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Property Law Keyed to Cribbet
Foster v. Reiss
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- Topic: Identifies the topic of law and where this case fits within your course outline.
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- Brief Facts: A Synopsis of the Facts of the case.
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- Facts: What are the factual circumstances that gave rise to the civil or criminal case? What is the relationship of the Parties that are involved in the case. Review the Facts of this case here:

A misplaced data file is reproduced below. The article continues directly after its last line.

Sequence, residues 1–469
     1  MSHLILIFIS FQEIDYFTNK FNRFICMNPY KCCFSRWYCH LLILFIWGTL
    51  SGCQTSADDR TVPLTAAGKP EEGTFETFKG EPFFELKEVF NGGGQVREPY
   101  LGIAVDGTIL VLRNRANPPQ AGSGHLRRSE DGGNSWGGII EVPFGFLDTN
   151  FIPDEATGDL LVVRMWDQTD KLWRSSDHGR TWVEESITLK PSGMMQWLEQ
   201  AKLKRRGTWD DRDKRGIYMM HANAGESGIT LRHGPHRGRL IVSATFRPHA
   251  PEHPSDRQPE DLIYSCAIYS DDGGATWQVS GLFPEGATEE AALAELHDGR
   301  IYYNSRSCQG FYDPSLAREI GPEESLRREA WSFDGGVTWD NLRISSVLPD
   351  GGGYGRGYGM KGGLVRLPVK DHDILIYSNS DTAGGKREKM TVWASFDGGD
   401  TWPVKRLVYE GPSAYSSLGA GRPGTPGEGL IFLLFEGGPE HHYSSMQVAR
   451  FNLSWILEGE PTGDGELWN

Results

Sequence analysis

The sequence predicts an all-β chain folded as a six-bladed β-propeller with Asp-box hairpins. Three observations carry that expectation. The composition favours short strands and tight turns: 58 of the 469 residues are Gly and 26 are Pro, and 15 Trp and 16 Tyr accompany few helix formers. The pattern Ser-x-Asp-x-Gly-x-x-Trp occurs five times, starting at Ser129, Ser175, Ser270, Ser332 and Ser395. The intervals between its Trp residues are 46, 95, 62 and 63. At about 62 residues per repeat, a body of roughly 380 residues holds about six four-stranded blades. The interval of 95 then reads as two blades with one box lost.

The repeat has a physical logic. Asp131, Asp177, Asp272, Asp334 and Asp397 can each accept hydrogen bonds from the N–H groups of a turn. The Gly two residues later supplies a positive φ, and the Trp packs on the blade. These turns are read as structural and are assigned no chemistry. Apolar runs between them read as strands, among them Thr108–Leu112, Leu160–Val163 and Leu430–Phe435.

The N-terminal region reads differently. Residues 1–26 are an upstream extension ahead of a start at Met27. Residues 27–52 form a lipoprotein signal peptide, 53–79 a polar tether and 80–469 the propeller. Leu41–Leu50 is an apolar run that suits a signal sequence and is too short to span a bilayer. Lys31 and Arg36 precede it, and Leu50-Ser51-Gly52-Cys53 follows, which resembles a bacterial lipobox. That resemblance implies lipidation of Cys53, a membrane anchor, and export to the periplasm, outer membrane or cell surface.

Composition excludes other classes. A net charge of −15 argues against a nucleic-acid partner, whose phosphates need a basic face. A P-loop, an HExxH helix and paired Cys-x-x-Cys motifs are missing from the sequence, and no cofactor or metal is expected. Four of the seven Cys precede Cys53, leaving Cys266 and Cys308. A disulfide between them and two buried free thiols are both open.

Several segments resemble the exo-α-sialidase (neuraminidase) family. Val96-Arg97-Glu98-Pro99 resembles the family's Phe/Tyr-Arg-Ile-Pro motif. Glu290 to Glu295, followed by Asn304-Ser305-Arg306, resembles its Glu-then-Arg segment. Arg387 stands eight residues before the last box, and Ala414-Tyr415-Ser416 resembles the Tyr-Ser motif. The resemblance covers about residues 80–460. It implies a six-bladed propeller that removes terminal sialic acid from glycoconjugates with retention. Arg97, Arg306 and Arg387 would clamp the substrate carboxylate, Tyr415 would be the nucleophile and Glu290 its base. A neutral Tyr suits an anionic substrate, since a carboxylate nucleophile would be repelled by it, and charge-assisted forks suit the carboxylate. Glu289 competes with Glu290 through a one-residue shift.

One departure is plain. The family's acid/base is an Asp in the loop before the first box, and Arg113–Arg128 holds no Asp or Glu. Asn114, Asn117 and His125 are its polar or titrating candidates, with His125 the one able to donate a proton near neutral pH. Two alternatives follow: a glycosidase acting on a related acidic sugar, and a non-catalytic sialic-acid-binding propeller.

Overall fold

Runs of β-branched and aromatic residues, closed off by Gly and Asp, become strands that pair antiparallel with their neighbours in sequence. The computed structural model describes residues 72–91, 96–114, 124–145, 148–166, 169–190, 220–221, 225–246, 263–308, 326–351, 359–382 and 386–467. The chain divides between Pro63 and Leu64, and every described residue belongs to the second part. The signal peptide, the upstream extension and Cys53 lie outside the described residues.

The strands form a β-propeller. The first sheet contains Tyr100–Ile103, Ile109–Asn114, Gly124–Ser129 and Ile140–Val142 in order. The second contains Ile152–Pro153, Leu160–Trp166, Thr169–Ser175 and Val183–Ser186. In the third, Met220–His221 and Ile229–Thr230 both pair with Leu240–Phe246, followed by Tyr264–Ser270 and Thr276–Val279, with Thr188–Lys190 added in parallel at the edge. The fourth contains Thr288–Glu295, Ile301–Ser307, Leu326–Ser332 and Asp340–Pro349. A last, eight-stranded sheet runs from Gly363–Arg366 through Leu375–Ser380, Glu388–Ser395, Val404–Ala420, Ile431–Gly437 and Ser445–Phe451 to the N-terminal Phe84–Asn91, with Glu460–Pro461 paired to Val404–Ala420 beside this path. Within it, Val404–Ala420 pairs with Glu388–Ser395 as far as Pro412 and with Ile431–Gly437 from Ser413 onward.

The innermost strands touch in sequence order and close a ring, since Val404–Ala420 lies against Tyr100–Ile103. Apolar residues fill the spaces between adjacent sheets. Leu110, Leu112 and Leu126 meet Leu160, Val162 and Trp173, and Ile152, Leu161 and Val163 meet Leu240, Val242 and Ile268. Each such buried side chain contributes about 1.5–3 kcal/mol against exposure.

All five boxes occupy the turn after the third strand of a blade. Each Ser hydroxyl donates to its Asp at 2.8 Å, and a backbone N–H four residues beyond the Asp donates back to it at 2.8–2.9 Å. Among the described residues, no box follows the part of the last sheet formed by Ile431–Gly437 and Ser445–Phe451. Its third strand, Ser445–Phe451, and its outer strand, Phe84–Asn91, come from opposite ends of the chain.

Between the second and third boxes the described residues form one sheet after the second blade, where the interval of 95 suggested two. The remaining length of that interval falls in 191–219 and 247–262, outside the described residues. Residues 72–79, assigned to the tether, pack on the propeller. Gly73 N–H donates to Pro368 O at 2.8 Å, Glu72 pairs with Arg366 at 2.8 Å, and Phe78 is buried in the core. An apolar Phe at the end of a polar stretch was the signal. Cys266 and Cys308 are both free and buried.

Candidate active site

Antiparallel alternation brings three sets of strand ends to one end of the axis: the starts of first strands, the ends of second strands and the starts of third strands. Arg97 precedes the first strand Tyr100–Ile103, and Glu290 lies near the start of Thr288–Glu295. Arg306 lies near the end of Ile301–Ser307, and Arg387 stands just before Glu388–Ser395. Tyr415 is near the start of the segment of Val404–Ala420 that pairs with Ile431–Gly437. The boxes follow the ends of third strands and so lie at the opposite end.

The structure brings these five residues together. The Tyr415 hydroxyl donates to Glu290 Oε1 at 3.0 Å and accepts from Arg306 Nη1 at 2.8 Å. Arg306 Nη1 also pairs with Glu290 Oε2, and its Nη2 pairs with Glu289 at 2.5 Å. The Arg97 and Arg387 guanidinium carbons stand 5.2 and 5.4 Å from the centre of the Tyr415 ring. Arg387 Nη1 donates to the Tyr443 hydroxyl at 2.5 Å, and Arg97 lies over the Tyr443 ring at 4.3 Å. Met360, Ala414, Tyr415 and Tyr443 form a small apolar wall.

Decedent Ethel Reiss and Defendant Adam Reiss were married in 1940. Subsequent to the marriage, Decedent executed a will which left Defendant with one dollar and the residue of the Decedent’s estate to her children and grandchildren. Decedent and Defendant separated in 1946 and entered into an agreement concerning their respective rights to certain land. Thereafter, in 1948, the couple reconciled and co-habitated until Decedent’s death in 1951 at the age of 66. In April of 1951 Decedent was put in the hospital for major surgery. Prior to going into the surgery Decedent wrote a note in her native Hungarian to her husband, the Defendant. The note gave the directions to money which was hidden in the house the couple shared, gave instructions to a savings account, and gave directions to a book which showed shares in a building and loan association. The note also referenced where Decedent’s will was to be found. The Decedent told a friend in the hospital to direct her husband to th e note, which she placed in a drawer beside her bed. Then, while the Decedent was in surgery and unconscious, the Defendant found the note and went home to gain possession of the items referenced in the note. The Decedent, as found by the trial court, never regained the ability to communicate from the time of the surgery until her death nine days later. The Defendant husband maintained possession of the items he found as a result of the note. The Plaintiffs instituted suit to recover the property. At the trial court level the Plaintiffs prevailed, and the Defendant appealed to the intermediate appellate court which reversed and found that the items in the note were given as a gift causa mortis to the Defendant, and that the gift causa mortis superceded the expressed intent of the will. The Plaintiffs appealed.
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